Richer pensioners could lose free bus pass and benefits

Is it fair for pensioner benefits to be cut?

Theresa May becomes PM
Wealthier pensioners may be about to lose their universal benefits. The government has announced that it's going to look into 'intergenerational fairness.' It means the free bus pass, TV licence and winter fuel allowance are all at risk, and the triple lock guarantee for state pensions is under pressure too.

The idea behind the investigation is a suspicion that the government has been favouring pensioners over other age groups when it comes to benefits. Benefits for this age group cost around £8 billion a year, which means an awful lot is being handed to wealthy people who really don't need the help.

In the past, the government has been adamant that it wouldn't cut these benefits, and the Conservative general election manifesto pledged no cuts until 2020. However, a great deal has changed since the election - not least the arrival of a new Prime Minister, and Damian Green as the new Work and Pensions Secretary.

Over the weekend, Green dropped a hint on the Andrew Marr BBC TV programme that the policy of ring fencing pensioner benefits and protecting them from cuts could be heading for the scrapheap some time after 2020.

He pointed out that pensioner poverty had reduced drastically from around 40% in the 1980s to around 14% now. It means that providing benefits across-the-board to pensioners makes less sense.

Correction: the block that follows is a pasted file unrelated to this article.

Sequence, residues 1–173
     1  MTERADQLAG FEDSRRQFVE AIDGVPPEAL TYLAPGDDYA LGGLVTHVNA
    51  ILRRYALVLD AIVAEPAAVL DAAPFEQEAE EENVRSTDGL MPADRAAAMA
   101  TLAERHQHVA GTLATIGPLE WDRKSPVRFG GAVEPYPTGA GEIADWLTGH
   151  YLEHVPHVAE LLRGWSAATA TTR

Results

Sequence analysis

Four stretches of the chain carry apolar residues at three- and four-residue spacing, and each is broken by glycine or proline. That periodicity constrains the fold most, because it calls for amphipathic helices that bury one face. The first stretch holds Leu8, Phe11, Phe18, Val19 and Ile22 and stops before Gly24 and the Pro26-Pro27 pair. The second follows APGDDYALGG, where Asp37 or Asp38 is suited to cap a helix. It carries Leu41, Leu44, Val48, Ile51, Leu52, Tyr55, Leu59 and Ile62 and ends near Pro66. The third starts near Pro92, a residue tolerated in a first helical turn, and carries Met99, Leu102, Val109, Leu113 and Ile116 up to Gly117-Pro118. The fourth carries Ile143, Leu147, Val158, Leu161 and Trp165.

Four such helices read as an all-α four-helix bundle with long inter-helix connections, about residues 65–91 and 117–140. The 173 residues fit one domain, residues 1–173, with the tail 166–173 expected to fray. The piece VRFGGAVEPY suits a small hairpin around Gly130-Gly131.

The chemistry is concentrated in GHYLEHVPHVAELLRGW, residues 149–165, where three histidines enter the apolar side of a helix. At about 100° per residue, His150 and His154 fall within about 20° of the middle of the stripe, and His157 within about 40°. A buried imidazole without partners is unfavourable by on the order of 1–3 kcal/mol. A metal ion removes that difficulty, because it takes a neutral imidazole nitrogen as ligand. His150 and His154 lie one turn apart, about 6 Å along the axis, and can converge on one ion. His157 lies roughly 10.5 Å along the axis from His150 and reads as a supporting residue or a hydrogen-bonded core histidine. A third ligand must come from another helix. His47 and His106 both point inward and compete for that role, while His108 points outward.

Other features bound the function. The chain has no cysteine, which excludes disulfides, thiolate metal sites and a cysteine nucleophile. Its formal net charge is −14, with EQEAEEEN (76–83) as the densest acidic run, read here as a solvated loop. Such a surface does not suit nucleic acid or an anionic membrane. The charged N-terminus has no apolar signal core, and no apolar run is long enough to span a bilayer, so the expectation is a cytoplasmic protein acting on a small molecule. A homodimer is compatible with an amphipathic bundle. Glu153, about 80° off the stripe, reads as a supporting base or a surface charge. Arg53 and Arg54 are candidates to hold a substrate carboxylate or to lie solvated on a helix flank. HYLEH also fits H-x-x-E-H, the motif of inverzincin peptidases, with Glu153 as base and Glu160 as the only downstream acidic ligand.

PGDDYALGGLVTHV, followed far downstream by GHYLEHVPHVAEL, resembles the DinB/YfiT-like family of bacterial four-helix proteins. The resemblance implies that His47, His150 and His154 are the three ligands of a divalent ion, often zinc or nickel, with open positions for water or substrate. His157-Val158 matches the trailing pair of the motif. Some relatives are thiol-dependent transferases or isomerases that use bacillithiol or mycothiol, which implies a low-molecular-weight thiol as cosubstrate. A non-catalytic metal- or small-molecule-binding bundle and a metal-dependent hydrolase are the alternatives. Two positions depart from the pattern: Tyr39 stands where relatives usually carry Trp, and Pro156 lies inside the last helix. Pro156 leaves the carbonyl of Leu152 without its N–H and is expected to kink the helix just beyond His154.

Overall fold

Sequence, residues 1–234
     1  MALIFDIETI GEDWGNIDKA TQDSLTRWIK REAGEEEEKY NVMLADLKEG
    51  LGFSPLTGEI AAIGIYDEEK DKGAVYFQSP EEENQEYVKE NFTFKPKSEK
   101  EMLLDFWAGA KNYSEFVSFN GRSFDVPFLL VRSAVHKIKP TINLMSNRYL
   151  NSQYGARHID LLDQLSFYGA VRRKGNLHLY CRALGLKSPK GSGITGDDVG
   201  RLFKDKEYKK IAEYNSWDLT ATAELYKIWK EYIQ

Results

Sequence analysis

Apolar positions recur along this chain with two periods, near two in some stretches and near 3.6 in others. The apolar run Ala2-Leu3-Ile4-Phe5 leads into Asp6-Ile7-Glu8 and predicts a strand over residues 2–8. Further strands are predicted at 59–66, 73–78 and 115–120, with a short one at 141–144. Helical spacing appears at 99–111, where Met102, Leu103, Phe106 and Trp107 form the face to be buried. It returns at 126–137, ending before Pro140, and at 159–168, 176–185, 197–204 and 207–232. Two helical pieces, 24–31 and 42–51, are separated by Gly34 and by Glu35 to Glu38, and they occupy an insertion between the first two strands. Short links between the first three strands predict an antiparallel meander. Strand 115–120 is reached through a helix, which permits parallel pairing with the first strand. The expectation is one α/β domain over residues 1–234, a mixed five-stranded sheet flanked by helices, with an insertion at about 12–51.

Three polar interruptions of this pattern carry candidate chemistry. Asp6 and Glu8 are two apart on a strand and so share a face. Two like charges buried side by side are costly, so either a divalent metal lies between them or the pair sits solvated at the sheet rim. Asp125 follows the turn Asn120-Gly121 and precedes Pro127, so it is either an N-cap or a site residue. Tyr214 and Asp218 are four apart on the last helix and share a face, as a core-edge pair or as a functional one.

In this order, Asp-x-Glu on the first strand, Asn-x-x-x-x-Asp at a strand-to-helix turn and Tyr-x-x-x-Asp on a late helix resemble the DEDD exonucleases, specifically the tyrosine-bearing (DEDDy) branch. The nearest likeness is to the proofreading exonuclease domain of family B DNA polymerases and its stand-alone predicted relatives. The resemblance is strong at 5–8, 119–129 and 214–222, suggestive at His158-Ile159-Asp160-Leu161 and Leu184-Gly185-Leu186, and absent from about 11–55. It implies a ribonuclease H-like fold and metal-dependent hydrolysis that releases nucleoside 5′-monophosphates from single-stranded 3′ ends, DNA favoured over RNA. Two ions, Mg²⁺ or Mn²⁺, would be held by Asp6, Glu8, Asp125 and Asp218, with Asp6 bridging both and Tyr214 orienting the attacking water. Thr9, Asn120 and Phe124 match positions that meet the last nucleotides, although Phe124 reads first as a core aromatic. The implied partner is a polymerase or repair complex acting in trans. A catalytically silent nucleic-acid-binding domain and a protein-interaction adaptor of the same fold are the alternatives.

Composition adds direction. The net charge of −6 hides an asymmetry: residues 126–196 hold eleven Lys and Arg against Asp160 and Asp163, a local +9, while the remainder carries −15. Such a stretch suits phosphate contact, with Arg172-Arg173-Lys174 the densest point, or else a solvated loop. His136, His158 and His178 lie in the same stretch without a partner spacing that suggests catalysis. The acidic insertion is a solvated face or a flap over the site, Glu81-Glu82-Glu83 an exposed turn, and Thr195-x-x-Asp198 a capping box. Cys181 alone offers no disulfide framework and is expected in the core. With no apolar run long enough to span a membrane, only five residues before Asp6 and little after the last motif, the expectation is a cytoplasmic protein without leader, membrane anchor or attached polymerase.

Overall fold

Green didn't outline the changes that could be made, but the universal benefits given to pensioners are seen as the kind of low-hanging fruit that's ready to be cut. The government may also examine whether the triple lock needs to remain in place.

What will the investigation find?

To the casual observer, it's difficult to see how any investigation could fail to spot the fact that retirees have been favoured by the policy of ring fencing pensioner benefits. Benefits for those of working age have been cut to the bone, while pensioners on six figure incomes continue to receive a payment to help them cover their heating bills.

At the same time, pensioners have seen their incomes rise in a way that those of working age can only dream of. In the aftermath of the financial crisis, wages stagnated for six years before starting to grow again - during that period pensions continued on an upwards trajectory, regardless, as the triple lock guaranteed they would.

However, on the other side of the argument, there have always been plenty of MPs who feel that pensioners are using their wealth to help younger members of their family - helping them onto the property ladder, giving them lump sums, and paying for ongoing expenses like school fees, which is redistributing wealth across the generations. We can expect this group to be vocal during any discussion of fairness.

But what do you think? Would you like to see benefits for older people slashed, or is it only right that people who have worked and paid tax all their life should finally get something back in return? Let us know in the comments.

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